One way to help protect newborns from COVID-19 is for women to get their COVID-19 vaccine while pregnant.
A study published Wednesday found that mothers-to-be who had either the Pfizer-BioNTech or Moderna vaccine passed high levels of antibodies to their infants.
Researchers from the NYU Grossman School of Medicine discovered that 100% of 36 newborns tested at the time of birth had protective antibodies after their mothers had received the vaccines.
They observed the highest levels of antibodies in cord blood of mothers who were fully vaccinated in the second half of their pregnancies. This correlates with protection for the babies in their first months of life.
"Studies continue to reinforce the importance of vaccines during pregnancy and their power to protect two lives at once by preventing severe illness in both mothers and babies," said study co-author Dr. Ashley Roman, director of maternal-fetal medicine at NYU Langone Health.
"If babies could be born with antibodies, it could protect them in the first several months of their lives, when they are most vulnerable," Roman said in a health system news release.
The research team was also able to tell apart antibodies in the neonatal blood that were created in response to natural infection from those made in response to the vaccines. That matters because natural antibody responses to the virus are not sufficiently protective, according to the study.
Even with the study's small sample size, "it is encouraging that neonatal antibody levels are high if women are vaccinated," said study co-author Dr. Jennifer Lighter, a pediatric infectious disease specialist at NYU Langone.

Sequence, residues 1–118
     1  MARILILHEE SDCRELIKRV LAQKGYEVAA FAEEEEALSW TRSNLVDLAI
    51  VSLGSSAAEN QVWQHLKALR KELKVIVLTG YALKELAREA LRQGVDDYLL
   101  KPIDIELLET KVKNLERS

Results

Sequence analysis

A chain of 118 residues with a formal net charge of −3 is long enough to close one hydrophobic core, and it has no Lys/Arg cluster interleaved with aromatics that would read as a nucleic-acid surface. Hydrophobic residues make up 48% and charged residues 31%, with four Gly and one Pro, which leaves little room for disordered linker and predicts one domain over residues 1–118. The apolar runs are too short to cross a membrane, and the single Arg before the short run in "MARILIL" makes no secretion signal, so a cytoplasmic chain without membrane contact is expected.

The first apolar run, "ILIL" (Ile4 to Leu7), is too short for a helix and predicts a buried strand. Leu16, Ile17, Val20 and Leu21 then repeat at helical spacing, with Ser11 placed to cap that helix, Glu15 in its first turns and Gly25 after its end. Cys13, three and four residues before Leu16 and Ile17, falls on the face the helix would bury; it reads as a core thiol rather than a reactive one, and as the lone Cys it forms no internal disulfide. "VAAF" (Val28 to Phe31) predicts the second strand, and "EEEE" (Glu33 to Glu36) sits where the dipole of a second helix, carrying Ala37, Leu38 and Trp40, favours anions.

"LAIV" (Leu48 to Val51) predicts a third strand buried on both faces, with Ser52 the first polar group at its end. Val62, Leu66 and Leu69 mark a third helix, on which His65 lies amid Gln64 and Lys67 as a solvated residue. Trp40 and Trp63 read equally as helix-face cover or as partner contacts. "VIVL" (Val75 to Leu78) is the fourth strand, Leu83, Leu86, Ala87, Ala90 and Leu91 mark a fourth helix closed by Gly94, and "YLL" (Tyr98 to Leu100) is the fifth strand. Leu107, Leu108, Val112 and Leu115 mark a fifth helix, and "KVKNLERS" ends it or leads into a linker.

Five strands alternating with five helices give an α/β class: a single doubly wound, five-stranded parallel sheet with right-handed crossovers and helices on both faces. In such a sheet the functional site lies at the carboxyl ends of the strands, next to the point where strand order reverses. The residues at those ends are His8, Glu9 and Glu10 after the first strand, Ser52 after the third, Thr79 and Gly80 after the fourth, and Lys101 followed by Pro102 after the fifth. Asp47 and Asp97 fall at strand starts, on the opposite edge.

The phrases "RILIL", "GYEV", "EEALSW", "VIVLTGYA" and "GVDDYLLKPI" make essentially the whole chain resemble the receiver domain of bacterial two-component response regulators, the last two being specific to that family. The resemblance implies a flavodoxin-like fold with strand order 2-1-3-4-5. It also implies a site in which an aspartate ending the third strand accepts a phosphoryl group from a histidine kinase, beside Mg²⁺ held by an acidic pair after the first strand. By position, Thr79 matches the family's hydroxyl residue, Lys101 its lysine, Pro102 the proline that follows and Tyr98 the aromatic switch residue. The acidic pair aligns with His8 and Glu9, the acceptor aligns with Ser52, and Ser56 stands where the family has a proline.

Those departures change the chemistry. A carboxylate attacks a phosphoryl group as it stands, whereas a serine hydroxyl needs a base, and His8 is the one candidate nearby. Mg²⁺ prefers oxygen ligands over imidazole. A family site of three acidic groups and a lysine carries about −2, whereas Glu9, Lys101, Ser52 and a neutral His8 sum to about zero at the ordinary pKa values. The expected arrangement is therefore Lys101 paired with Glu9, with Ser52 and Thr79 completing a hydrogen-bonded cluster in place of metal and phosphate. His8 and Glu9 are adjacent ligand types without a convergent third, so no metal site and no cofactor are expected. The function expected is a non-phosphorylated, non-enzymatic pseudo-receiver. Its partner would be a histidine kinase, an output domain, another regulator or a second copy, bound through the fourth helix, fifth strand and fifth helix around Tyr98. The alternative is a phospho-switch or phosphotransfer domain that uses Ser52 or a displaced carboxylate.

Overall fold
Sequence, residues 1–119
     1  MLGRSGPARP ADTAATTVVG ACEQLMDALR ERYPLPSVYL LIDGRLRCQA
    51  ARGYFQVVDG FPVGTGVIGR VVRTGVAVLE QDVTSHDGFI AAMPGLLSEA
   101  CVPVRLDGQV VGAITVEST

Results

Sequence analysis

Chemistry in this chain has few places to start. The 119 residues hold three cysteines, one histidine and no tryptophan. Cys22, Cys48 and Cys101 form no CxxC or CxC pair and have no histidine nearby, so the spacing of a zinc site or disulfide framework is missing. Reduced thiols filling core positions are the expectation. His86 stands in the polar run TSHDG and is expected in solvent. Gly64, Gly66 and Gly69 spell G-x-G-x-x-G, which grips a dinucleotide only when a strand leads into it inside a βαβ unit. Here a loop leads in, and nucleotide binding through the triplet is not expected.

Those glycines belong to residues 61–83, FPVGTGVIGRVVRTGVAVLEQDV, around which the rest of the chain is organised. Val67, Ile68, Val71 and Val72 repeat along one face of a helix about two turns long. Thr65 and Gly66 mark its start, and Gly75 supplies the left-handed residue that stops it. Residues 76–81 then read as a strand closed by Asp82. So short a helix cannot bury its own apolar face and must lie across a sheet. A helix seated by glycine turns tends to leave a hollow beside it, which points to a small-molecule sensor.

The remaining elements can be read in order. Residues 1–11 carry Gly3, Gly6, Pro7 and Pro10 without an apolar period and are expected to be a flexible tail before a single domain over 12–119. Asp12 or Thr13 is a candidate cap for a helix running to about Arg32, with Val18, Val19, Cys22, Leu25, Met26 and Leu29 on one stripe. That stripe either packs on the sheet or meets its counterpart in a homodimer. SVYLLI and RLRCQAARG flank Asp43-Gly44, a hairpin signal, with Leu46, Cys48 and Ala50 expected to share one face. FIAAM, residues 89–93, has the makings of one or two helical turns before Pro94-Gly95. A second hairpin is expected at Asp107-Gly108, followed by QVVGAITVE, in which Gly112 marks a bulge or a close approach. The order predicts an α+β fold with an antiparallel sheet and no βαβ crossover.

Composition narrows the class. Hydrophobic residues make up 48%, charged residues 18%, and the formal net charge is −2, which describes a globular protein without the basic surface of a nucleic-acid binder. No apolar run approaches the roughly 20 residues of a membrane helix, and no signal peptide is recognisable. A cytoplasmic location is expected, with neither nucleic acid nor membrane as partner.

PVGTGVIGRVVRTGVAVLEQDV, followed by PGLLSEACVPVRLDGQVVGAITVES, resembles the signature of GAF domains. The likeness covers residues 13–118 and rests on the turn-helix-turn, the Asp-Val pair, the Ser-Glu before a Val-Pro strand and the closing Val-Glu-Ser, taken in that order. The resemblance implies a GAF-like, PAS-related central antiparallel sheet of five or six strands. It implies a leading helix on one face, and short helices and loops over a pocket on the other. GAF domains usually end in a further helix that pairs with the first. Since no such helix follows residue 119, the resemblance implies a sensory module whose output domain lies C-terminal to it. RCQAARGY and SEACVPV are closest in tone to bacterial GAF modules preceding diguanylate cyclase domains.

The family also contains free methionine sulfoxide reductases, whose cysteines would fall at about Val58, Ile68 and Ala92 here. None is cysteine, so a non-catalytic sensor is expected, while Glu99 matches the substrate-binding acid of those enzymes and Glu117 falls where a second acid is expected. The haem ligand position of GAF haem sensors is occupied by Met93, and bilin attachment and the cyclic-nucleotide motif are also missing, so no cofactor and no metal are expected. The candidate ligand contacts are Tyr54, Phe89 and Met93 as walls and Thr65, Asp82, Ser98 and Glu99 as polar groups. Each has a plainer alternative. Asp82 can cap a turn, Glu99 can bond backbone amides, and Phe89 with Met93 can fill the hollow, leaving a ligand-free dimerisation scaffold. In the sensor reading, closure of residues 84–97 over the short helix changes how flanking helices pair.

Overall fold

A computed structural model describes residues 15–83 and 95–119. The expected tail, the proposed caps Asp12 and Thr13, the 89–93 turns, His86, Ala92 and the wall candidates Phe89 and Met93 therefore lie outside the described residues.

This team previously confirmed the strong evidence that the two mRNA vaccines are safe during pregnancy in a study published Aug. 16 in the American Journal of Obstetrics & Gynecology-Maternal Fetal Medicine.
That study found no increased risks during pregnancy, birth complications or identifiable risks to the fetus related to the vaccine during pregnancy.
Pregnant women are at higher risk of severe disease from the virus, but only 23% of pregnant women have been vaccinated, according to U.S. Centers for Disease Control and Prevention data.
"Our findings add to a growing list of important reasons why women should be advised to receive the COVID-19 vaccine during pregnancy for the added benefit of their newborn receiving crucial protection," Lighter said in the release.
Future studies will be needed to determine if vaccination during the second half of pregnancy compares to vaccination in early pregnancy, as well as how long infant protection lasts.
The research was published online Sept. 22 in the American Journal of Obstetrics & Gynecology-Maternal Fetal Medicine.
The U.S. Centers for Disease Control and Prevention has more on COVID-19 and pregnancy.
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